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Female Education: Assessing and Overcoming Social Setbacks Printable Version PRINTABLE VERSION
by Mbũrũ, Kenya May 12, 2005
Education , Civil Society   Opinions
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Educating a woman, so goes the mantra, is liberating a nation. However, when the social imbalances favour only one group at the expense of the other, the implications are usually sad and sometimes irreversible. Over centuries, women have been relegated to ‘non-human’ status in terms of their participation in the nation’s development. Gender inequalities have been naturalized yet structured by the social systems of a society, including political and economic practices. Where, then, has the voice of women and girls, being important elements in social participation, been bent?

According to Njoki Wainaina of African Women’s Development and Communication Initiative (FEMNET), gender training involves challenging structures that have existed for centuries. She adds that this involves challenging power relations that affect people at personal, family, community and national levels. She concludes by saying “it can be a very threatening exercise”.

For a long period of time, the status of women has been that of a passive rather than an active member of the society. This passiveness is witnessed in gender-biased decisions which do not call for a vote, views on who is to have which part of a chicken, or regulations requiring a written consent from a male relation when a woman is applying for a bank loan, national identity card or passport. Since education is the liberator of women right from the classroom, how has it, at the same time, been an impediment?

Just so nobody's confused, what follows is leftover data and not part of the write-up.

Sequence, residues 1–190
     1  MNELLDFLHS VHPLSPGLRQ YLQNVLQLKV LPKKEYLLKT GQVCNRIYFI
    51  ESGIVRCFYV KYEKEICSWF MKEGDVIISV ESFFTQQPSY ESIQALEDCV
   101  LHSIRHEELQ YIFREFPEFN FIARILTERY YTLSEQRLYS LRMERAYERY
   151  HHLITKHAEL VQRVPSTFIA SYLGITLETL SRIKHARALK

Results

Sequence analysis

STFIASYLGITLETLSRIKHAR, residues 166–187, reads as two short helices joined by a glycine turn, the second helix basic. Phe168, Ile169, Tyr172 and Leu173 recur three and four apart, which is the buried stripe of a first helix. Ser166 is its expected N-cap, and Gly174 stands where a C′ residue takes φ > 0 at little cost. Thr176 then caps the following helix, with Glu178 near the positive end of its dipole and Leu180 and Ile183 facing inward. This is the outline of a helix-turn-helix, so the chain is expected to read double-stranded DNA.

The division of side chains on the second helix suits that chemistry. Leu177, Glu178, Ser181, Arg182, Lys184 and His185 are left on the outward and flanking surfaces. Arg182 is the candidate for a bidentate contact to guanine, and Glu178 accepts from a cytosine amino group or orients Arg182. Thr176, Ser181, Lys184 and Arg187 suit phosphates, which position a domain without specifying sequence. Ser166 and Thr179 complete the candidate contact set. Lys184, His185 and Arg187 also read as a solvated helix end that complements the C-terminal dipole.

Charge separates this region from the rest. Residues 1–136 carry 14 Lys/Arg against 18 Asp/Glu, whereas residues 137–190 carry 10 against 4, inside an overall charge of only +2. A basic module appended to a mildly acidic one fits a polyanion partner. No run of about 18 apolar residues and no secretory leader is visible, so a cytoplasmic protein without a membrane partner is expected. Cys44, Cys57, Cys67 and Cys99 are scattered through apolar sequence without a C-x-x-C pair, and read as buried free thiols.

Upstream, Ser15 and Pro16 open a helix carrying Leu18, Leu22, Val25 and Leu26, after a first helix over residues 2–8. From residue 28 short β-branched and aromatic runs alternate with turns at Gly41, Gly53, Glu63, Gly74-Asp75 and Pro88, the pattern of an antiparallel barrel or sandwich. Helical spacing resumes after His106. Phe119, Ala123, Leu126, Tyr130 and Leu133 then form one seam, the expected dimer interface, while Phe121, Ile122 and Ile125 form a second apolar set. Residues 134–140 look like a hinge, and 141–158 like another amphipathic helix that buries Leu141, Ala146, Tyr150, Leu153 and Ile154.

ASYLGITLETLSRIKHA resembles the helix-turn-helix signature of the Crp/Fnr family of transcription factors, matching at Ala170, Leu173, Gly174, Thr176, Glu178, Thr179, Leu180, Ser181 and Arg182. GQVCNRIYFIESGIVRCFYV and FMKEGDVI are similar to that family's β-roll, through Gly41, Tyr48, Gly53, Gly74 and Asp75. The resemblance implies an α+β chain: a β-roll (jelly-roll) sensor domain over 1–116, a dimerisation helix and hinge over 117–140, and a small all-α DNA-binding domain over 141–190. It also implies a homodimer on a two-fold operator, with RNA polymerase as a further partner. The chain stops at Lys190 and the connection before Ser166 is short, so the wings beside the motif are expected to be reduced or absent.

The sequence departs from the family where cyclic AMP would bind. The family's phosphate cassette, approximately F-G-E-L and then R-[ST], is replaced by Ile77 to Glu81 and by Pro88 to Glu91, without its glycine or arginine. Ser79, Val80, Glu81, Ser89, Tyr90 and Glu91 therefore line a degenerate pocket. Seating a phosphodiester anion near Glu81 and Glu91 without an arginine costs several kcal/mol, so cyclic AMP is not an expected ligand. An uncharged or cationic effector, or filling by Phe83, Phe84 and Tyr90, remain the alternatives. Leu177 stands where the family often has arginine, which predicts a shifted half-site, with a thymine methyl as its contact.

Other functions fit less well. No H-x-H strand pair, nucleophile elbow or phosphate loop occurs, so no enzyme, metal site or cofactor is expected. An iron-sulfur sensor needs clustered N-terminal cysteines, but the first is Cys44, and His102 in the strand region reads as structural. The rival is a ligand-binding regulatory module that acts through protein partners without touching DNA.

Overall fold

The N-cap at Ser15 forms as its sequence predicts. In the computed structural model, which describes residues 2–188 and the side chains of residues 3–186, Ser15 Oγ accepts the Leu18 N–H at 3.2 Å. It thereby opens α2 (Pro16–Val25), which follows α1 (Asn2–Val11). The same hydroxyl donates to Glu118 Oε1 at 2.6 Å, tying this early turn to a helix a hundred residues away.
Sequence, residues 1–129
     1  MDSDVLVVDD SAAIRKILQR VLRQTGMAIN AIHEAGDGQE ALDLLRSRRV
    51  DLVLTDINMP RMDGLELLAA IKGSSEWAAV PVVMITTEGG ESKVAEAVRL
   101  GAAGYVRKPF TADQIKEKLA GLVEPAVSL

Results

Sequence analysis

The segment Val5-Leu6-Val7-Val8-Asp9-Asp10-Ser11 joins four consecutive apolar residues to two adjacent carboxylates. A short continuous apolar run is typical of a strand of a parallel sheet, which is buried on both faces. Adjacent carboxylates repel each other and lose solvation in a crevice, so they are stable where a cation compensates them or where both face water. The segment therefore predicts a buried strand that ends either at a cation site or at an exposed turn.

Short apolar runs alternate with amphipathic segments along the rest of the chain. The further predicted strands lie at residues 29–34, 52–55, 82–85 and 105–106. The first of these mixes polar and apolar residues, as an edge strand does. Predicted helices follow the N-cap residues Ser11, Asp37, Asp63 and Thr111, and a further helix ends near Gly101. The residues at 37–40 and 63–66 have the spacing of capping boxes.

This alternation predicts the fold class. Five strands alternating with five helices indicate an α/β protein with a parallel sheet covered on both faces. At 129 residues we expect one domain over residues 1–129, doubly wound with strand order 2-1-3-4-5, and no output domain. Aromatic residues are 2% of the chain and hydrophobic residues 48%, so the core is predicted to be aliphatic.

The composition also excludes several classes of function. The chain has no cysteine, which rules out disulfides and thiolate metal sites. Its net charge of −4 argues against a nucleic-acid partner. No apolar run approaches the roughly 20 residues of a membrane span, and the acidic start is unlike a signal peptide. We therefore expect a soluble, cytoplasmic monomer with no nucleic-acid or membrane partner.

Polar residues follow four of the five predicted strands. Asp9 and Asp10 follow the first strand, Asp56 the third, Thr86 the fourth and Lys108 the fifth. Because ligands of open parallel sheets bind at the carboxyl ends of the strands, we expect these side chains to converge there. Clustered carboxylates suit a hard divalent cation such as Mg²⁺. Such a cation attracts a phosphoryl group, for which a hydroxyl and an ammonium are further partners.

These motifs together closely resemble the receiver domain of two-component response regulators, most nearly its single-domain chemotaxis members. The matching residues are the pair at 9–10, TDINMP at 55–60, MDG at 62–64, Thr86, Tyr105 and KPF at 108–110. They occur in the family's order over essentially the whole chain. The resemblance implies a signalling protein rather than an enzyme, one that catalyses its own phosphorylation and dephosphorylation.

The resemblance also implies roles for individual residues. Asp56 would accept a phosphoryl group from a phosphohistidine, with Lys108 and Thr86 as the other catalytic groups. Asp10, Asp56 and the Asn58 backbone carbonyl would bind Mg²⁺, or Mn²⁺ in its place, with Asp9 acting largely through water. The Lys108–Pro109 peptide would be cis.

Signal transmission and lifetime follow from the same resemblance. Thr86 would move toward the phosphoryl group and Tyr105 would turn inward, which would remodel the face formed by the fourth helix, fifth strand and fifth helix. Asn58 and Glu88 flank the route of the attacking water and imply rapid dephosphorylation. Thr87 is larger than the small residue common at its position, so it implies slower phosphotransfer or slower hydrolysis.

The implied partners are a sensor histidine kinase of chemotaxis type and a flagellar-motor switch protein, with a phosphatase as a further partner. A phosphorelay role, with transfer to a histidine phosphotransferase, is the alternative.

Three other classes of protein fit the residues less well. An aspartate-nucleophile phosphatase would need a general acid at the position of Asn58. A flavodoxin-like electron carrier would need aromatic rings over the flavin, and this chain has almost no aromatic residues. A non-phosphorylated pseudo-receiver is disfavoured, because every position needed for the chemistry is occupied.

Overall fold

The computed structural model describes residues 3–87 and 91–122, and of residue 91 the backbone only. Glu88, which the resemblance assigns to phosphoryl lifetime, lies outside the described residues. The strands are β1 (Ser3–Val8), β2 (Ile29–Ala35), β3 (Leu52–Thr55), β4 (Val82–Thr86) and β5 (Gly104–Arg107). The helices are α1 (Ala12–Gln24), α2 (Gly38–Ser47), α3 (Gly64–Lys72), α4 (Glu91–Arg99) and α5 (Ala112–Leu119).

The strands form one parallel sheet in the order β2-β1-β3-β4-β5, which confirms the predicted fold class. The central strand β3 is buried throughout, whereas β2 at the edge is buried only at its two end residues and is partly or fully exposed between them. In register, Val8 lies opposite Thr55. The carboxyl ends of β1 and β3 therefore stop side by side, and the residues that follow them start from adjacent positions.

Kenya’s culture, like in many African states, explains the fate of a woman as pre-determined – she either goes up to standard four or remains illiterate. If she happens to be educated, then she is brainwashed and scatterbrained! Perhaps to elaborate this further, one ought to look at Professor Wangari Maathai. Being the first Kenyan woman to win the prestigious Nobel Peace Prize in 2004, many could not fail to ask why she does not have a male partner, at least in the public domain, for her to be complete. As woman, mother, professor, Member of Parliament and an Assistant Minister, it was argued that she was still incomplete without a Mr. Somebody by her side. Ignorant and shameless, others posited that she won the prize out of mercy and not because she deserved it, especially for championing against environmental degradation.

Another woman who we should not over look is Charity Ngilu. She was the first woman in Kenya’s history to declare her candidature for the presidency. Though she did not make it, she will forever remain entrenched in the history books. After her declaration, as usual, one reputable newspaper had a caricature of a woman president going for a maternity leave carried in a stretcher urging Kenyans “mkae vivyo hivyo”.